The ISRC is a unique identification system for sound recordings. Sound recordings are not Releases. Formally, a Release is defined as
An abstract entity representing a bundle of one or more Resources compiled by an issuer for the purpose of distribution to individual Consumers, directly or through intermediaries. The Resources in Releases are normally primarily SoundRecordings or music audio-visual recordings. The Release is not itself the item of trade (or Product). Products have more extensive attributes than Releases; one Release may be disseminated in many different Products.
In partner words, Releases are the collection of sound recordings and/or other Resources that can then be productised and made available to consumers under specific terms and conditions (a.k.a. deals). Some Releases may contain only one sound recording. These Releases with just one sound recording come in two flavours: TrackReleases and Single-Resource Releases.
Single-Resource Releases are the digital equivalents of what used to be a "single" in the physical world (although a single typically contained two sound recordings) whereas TrackReleases are Releases that contain one sound recording taken from an album each. For example, when communicating a 10-track album, a typical NewReleaseMessage would contain, besides the Main Release, ten Track Releases (i.e. one for each sound recording that together make up the album).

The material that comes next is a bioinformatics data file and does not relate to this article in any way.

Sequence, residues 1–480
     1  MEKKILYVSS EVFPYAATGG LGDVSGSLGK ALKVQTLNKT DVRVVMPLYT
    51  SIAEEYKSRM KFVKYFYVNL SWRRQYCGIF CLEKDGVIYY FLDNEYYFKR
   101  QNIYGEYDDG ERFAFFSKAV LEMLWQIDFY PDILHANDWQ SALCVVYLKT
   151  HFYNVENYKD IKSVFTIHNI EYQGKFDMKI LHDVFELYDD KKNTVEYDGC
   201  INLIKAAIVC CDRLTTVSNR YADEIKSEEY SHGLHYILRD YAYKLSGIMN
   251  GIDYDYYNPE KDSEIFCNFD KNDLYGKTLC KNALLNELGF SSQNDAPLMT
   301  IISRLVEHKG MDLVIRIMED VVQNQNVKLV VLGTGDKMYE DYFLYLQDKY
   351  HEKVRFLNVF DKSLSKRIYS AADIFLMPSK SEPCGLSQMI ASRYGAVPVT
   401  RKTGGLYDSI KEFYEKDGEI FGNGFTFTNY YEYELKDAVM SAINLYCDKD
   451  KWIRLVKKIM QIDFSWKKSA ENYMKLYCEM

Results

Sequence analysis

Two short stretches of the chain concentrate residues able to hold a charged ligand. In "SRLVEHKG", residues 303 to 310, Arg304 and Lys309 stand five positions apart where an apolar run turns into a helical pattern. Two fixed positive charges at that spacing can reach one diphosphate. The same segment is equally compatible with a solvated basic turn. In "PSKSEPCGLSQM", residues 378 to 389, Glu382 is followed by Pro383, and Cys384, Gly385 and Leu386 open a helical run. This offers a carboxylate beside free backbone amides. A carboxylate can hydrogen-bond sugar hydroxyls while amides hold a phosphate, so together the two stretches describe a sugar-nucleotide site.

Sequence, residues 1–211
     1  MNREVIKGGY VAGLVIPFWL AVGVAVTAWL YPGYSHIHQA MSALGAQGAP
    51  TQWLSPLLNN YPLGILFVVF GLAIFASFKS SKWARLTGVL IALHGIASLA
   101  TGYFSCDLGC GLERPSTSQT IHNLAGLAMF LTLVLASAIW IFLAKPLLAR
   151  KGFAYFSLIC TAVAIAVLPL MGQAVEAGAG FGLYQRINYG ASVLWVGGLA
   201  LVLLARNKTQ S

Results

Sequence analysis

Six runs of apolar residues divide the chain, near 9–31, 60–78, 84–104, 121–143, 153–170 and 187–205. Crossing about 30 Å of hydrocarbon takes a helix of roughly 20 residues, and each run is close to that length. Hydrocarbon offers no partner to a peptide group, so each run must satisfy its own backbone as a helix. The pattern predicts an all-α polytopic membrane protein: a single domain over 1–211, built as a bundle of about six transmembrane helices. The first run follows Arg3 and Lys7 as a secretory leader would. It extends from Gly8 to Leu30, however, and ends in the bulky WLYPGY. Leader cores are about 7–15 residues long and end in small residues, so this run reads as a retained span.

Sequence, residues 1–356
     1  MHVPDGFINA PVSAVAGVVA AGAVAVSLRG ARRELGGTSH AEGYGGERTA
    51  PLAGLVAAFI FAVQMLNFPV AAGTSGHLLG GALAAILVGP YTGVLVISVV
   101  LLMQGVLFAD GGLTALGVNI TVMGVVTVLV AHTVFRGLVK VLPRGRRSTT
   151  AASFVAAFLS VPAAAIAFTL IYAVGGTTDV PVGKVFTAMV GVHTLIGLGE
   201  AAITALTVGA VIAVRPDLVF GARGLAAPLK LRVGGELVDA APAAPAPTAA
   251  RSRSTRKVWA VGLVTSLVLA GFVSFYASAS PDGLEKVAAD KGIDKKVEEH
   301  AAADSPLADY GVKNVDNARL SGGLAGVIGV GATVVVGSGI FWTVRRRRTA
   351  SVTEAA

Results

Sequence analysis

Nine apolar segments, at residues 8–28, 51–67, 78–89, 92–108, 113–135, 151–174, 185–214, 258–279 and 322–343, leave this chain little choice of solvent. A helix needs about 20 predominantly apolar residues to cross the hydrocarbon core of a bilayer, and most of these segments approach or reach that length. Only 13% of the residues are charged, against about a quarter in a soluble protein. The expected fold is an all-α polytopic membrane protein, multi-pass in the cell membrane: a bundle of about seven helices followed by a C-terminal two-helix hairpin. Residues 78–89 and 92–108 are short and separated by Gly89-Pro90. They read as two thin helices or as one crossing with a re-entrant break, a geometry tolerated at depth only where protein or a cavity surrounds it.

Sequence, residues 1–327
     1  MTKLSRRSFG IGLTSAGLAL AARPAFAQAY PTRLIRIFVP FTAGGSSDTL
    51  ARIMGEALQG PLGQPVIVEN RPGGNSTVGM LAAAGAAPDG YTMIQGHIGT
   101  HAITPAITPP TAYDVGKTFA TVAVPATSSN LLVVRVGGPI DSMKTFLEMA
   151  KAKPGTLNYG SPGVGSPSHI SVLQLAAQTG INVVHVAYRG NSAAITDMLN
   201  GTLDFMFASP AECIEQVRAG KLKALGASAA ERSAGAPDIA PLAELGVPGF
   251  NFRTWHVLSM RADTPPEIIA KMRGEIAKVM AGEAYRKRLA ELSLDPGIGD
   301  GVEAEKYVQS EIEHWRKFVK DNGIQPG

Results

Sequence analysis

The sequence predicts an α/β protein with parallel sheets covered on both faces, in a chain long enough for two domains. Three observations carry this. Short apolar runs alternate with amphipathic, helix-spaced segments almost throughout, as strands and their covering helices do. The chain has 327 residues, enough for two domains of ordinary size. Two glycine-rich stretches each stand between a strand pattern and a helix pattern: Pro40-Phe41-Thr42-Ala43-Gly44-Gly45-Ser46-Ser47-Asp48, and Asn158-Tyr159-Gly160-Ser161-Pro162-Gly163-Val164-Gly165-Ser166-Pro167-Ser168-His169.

All Releases need to be identified; this applies to TrackReleases, Single-Resource Releases as well as "normal" Multi-Resource Releases. Typical identifiers for Releases are Global Release Identifiers (GRIDs), UPCs and, in some cases, Proprietary identifiers. One such proprietary identifier used to identify TrackReleases is a concatenation of the main Release's identifier and the ISRC of the sound recording that is contained in that TrackRelease.
However, Releases including Releases that only contain one Resource should not be identified by an ISRC as sound recordings simply aren't Releases.